6. 6. The method of claim 5, wherein said message is any one of: a voice mail message, a fax message and an email message.
  7. 7. A system for providing unified messaging to a first user, comprising:
    a mass storage device for storing the media component of a message;
    a storage device, coupled to an email server, that stores the non-media component of said message and a corresponding reference to the media component of said message;
    a voice mail server that receives said message from a second user to the first user, wherein said message includes a media component and a non-media component; and
    a message handler, coupled to said voice mail server, that sends to said mass storage device the media component of said message for storage and that sends to said storage device the non-media component of said message for storage.
  8. 8. The system of claim 7, wherein said message is any one of: a voice mail message, a fax message and an email message.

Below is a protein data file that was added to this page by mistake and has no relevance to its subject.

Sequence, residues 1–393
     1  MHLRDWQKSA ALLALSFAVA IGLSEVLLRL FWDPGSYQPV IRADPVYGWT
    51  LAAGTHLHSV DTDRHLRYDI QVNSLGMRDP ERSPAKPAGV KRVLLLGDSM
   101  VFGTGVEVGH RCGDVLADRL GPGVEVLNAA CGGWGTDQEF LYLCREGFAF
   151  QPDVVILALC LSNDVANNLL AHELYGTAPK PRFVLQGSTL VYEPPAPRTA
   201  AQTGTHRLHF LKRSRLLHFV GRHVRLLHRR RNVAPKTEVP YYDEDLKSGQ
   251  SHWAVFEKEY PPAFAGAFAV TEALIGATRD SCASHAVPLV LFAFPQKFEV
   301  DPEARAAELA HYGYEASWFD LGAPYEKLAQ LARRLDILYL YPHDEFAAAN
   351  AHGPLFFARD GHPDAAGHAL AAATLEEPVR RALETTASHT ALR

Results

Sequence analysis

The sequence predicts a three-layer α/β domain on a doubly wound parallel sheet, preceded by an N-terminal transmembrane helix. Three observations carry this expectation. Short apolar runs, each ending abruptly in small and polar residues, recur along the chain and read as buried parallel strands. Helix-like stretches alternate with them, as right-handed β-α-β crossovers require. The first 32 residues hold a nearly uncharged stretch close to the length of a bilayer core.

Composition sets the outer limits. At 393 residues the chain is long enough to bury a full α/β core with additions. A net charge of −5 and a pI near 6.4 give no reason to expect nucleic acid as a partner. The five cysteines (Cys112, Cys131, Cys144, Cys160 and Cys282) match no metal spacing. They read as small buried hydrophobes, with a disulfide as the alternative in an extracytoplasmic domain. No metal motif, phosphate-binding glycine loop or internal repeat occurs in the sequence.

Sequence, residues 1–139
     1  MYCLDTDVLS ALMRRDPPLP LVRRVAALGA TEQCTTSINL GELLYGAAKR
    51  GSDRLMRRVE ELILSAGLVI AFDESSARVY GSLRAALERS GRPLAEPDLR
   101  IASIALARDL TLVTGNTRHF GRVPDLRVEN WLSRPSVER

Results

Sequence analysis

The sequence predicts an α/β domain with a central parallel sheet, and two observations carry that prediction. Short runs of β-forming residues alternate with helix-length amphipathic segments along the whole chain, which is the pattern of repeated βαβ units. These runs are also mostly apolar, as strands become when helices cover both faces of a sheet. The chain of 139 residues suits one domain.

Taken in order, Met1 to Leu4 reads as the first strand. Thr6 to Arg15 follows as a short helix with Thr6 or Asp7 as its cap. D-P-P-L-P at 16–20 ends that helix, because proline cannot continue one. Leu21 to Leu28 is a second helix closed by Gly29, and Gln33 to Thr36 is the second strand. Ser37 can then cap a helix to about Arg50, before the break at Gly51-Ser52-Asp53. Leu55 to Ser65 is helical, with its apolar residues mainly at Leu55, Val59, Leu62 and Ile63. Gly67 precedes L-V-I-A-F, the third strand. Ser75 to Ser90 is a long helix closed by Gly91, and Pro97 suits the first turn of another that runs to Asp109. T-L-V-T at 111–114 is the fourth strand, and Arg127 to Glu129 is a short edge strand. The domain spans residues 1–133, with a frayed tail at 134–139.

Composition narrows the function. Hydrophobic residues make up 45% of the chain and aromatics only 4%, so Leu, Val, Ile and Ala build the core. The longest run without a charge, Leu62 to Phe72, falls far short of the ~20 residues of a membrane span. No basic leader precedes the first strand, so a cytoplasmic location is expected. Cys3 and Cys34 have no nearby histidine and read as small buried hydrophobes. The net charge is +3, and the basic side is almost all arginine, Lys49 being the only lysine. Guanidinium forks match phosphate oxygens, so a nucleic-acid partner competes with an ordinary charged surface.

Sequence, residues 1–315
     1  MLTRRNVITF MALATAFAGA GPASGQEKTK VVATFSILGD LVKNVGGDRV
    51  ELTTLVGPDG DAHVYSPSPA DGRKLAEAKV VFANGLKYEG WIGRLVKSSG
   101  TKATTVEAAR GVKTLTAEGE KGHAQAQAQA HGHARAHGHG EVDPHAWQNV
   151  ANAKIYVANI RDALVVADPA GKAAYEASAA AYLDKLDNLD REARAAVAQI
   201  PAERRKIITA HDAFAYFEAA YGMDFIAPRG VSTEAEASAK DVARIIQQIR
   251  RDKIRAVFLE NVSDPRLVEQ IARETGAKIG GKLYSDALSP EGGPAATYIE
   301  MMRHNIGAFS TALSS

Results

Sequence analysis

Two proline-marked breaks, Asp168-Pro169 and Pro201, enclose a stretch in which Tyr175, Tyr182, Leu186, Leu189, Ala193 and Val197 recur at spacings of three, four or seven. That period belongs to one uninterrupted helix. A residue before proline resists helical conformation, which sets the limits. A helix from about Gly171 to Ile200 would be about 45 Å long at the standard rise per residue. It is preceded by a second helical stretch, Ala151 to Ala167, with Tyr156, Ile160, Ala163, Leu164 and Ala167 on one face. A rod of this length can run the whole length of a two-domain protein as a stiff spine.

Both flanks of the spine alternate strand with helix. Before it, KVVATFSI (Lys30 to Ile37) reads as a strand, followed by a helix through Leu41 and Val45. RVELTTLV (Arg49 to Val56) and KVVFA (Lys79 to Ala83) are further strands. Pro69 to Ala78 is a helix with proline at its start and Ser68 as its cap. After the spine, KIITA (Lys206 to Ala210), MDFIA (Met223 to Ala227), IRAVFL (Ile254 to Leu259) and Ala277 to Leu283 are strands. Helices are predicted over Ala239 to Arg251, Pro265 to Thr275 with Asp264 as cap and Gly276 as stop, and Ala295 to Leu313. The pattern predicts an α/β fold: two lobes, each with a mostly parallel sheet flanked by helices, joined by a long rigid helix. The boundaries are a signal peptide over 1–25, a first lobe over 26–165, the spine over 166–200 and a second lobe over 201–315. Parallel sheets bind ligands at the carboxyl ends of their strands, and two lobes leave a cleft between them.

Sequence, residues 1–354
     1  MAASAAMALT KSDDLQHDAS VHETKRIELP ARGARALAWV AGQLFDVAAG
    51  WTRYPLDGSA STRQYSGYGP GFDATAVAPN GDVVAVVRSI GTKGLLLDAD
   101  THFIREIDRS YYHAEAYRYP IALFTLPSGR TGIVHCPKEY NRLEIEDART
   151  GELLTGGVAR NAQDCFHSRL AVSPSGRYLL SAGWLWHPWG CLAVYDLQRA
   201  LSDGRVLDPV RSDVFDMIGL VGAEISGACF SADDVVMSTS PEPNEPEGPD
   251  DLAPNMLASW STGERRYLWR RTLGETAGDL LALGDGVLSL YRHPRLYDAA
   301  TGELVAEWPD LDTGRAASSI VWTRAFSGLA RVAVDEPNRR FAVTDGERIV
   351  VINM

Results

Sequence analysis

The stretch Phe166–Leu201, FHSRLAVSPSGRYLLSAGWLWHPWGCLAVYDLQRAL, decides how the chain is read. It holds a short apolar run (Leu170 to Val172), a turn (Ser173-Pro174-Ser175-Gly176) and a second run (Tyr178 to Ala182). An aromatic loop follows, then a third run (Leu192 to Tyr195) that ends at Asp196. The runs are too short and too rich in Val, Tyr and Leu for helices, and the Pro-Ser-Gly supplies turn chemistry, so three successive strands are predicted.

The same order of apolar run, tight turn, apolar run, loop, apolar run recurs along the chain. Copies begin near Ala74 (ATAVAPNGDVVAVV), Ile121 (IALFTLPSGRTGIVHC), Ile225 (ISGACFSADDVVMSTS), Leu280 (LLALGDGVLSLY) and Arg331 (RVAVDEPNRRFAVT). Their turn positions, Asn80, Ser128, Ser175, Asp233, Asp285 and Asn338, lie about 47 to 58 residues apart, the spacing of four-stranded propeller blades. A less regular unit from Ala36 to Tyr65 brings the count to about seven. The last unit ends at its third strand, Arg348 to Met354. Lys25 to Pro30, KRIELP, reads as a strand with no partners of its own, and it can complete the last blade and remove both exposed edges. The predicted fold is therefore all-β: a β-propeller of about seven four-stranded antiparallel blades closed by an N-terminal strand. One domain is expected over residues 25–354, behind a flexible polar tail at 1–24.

9. 9. A computer program product comprising a computer useable medium having control logic stored therein for causing a computer to provide unified messaging to a first user, the computer control logic comprising:
    first computer readable program code means for causing the computer to receive a message from a second user to the first user, wherein said message comprises a media component and a non-media component;
    second computer readable program code means for causing the computer to store on a mass storage device said media component of said message; and
    third computer readable program code means for causing the computer to store on an email server said non-media component of said message and a corresponding reference to said stored media component of said message.
  10. 10. The computer program product of claim 9, the computer control logic further comprising:
    fourth computer readable program code means for causing the computer to receive from the first user a request for said message;